Vegetable milks

Vegetable milks

Types of plant milks and their role in the diet

Vegetable milks are foods that compete with cow’s milk; these are totally different products compared to the emunctory fruit of the udder , however, vegetable milks are fairly widespread among those who, for physical reasons ( intolerances or allergies ) or philosophical reasons (for example veganism ), do not consume animal milk.
The most common and consumed plant milks are:

  • Soy milk » ​​Video recipe to make it at home
  • Rice milk » ​​Video recipe to make it at home
  • Almond milk » ​​Video recipe to make it at home
  • Oat milk » ​​Video Recipe to make it at home
  • Coconut milk » ​​Video recipe to make it at home
  • Amaranth milk » ​​Video recipe to make it at home
  • Hazelnut milk » ​​Video recipe to make it at home
    As anticipated, vegetable milks can represent a “slightly forced” alternative to cow’s milk ; it is true that the latter, despite being a food rich in nutrients , does not represent an ESSENTIAL dietary component (although the same could be said for most of the foods that make up the human diet). It can be deduced that the use of vegetable milks to replace cow’s milkit mostly constitutes a satisfaction of the consumer’s HABITS and not a real nutritional need; nevertheless, reasoning in these terms, NO food could be defined as ESSENTIAL and all could easily be replaced with other products belonging to the same category; it would be different if “food discrimination” included an entire category of foods (as in veganism), in which case food integration or the use of alternative products such as nutritionally STRENGTHENED vegetable milks would prove ESSENTIAL.


    Recalling again that (in a balanced diet ) cow’s milk DOES NOT NEED to be replaced with vegetable milks, which are instead chosen for their (subjective) pleasantness or for ideological reasons; having said this, it should also be remembered that the choice of an alternative product could also be partially justified by one or more pathological or paraphysiological conditions; the most frequent are:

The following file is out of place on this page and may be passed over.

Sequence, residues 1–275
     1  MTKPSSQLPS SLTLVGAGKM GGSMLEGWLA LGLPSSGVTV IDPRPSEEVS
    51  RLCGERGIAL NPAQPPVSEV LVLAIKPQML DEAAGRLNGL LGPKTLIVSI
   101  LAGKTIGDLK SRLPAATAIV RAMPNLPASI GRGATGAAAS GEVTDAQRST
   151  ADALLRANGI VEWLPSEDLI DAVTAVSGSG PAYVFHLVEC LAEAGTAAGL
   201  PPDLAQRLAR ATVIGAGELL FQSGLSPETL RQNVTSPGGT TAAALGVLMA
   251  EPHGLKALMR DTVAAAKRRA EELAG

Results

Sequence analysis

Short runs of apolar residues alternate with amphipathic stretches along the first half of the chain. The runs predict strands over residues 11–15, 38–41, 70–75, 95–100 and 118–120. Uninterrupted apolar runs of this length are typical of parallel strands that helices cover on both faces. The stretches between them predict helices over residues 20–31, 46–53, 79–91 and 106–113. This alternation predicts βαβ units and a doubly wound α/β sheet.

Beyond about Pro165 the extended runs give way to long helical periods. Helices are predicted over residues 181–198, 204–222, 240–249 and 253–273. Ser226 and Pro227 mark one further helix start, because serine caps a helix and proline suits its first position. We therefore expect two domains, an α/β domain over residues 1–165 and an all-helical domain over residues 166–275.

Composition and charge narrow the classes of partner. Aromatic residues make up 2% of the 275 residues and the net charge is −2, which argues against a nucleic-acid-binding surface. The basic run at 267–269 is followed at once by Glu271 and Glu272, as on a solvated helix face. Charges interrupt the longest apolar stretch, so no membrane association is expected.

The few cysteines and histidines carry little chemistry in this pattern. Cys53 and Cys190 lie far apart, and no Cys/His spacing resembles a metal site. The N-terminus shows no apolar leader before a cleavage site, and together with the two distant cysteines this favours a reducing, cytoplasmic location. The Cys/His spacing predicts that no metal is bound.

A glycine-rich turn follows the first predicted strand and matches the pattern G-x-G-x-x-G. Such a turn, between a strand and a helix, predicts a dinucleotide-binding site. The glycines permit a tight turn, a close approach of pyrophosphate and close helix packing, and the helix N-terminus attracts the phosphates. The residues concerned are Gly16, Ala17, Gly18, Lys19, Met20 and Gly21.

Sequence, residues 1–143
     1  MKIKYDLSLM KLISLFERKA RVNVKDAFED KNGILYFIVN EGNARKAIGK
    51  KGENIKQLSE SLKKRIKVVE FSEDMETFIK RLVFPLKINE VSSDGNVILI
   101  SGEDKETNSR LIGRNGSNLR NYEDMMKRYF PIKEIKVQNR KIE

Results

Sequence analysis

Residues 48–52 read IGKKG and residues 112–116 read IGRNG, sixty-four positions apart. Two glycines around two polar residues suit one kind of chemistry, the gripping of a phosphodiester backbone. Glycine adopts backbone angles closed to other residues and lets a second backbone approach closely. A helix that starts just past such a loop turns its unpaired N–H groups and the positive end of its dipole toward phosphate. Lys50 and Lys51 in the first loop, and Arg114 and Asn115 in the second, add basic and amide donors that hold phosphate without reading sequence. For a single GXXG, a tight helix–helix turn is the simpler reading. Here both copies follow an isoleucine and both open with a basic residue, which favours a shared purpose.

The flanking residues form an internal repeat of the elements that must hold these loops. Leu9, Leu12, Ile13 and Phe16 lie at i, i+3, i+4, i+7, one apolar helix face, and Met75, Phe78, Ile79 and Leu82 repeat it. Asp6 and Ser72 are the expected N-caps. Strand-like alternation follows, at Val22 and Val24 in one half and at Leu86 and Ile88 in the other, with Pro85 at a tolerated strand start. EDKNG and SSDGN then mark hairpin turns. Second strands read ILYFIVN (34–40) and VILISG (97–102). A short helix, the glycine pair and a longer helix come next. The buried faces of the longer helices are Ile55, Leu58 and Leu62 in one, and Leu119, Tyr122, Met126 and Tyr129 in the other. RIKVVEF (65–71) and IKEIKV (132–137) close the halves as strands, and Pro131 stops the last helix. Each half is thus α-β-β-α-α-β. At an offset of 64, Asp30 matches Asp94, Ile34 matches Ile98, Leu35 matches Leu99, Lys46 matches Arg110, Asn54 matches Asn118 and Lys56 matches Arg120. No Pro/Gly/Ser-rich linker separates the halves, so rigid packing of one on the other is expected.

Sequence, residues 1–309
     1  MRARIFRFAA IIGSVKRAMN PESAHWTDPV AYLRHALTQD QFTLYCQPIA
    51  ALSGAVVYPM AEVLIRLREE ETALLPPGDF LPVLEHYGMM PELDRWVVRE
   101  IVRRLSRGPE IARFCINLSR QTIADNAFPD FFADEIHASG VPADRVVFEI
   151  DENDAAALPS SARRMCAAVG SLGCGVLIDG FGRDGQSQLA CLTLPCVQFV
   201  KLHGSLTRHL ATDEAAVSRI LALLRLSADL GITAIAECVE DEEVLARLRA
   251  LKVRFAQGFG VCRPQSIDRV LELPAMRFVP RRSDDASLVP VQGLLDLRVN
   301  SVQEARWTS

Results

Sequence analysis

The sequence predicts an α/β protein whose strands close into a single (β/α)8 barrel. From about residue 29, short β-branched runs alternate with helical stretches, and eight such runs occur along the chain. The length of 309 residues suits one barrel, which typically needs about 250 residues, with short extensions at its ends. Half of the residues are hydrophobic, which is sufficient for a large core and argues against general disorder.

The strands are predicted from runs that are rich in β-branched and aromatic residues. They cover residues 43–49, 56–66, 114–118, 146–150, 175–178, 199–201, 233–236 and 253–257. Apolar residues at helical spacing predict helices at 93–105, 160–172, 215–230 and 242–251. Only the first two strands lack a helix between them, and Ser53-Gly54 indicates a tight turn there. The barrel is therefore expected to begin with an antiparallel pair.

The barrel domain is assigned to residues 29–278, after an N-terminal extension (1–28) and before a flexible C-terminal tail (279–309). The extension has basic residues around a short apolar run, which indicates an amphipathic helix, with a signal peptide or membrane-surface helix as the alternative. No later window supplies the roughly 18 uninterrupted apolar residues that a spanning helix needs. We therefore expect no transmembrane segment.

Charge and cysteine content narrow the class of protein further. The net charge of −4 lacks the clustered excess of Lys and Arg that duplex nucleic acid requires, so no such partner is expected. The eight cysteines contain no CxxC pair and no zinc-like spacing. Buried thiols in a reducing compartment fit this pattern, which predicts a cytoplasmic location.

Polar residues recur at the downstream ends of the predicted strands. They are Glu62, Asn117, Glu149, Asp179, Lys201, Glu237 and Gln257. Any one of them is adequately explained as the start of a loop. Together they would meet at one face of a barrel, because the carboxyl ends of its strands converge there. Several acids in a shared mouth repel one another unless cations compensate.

1. Lactose intolerance
    2. Allergy to cow ‘s milk proteins
    3. Hypercholesterolemia

    In fact, vegetable milks DO NOT contain lactose , DO NOT contain cow ‘s milk proteins and DO NOT contain cholesterol ; however, that doesn’t mean they are hypoallergenic foods! In fact, soy protein is one of the most widespread allergies, and in any case there is no shortage of disturbances towards almonds or oats ( less frequent those towards rice ).

    Nutritional peculiarities

    Let’s start by clarifying that, in the absence of pathologies, it MATTERS LITTLE whether vegetable milks bring unsaturated fats and are free of cholesterol and lactose; moreover, even in a cholesterol-lowering therapy or in the treatment of lactose intolerant it is possible to insert cow’s milk by managing (if necessary) the level of skimming or by preferring a highly digestible milk ( lactose-free milk ) . The same cannot be said for those allergic to milk proteins who should choose TOTALLY hydrolysed animal milks (in which there are ONLY amino acids and NOT peptide chains); but this, in my opinion, would be a useless forcing.
    However, let’s mention the “exclusive” composition of vegetable milks; for example, in soy milk there are very useful hypocholesterolemic nutritional molecules , lecithins . It is therefore deducible that consuming soy milk instead of cow’s milk could benefit from its cholesterol-lowering “optimization” (but the same cannot be said of rice or almond milk); however, soy is not the only legume to contain lecithin , therefore consuming other similar products could confer the same nutritional advantage without necessarily having to choose a vegetable milk.
    Another nutritional component strongly present in soy milk, and less so in cow’s milk, is made up of essential omega-3 fatty acids . Finally, in my opinion decidedly superfluous, the fibrous component dissolved in vegetable milks; in fact there are modest quantities of dietary fiber which (obviously) are not found in cow’s milk. In any case, it is certainly not the fiber contained in vegetable milks that contributes significantly to the achievement of the “famous” 30g/day.
    N.B. _ ALL vegetable milks, to vaguely resemble cow’s milk, must be supplemented with some nutrients. The nutrients (micronutrients) deficient by definition are calcium ,vitamin D and vitamin B12 , while from a macronutritional point of view there is an addition of sucrose or glucose in almond milk, but also sunflower oil in oat milk and rice milk.

    Having said that, wanting to make a nutritional comparison of the products listed above, I would omit mentioning mineral salts and vitamins because, through fortification (integration of vegetable milks with vitamins and minerals ), they can reach (more or less) the same concentrations as cow’s milk ; on the contrary, the macromolecules can be significantly different from each other, and the nutritional comparison between vegetable milks and cow’s milk could reveal the appropriateness or otherwise of one drink compared to the others.

    Comparison between plant milks and cow’s milk

    (in red the highest values ​​and in green the lowest ones)

    Nutritional values Cow milk Vegetable milks
    Energy (KCal) 63 32 51 70 47
    Protein (g) 3.3 2.9 1 0.3 1.4
    Lipids (g) 3.6 1.9 2.3 1.0 1.6
    of which saturated (g) 2.11 0.4 0.6 0.1 0.3
    of which monounsaturated (g) 1.1 1.3 0.3
    of which polyunsaturated (g) 0.12 1.3 0.4 0.6
    Carbohydrates (g) 4.7 0.8 6.6 15 6.6
    of which simple (g) 4.7 0.8 2.9 7 5.2
    of which complexes (g) 0 tracks 3.7 8 1.4
    Cholesterol (mg) 11 0 0 0 0
    Fiber (g) 0 tracks 0.3 0.03 0.8


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